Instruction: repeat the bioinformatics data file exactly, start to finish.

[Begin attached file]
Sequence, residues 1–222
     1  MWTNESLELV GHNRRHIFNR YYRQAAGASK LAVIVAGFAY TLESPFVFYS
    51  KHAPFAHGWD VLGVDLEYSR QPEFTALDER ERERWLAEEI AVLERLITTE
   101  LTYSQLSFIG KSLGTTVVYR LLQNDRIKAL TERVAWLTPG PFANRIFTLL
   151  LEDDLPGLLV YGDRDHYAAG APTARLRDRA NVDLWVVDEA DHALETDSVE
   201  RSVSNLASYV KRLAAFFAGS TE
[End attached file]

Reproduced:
Sequence, residues 1–222
     1  MWTNESLELV GHNRRHIFNR YYRQAAGASK LAVIVAGFAY TLESPFVFYS
    51  KHAPFAHGWD VLGVDLEYSR QPEFTALDER ERERWLAEEI AVLERLITTE
   101  LTYSQLSFIG KSLGTTVVYR LLQNDRIKAL TERVAWLTPG PFANRIFTLL
   151  LEDDLPGLLV YGDRDHYAAG APTARLRDRA NVDLWVVDEA DHALETDSVE
   201  RSVSNLASYV KRLAAFFAGS TE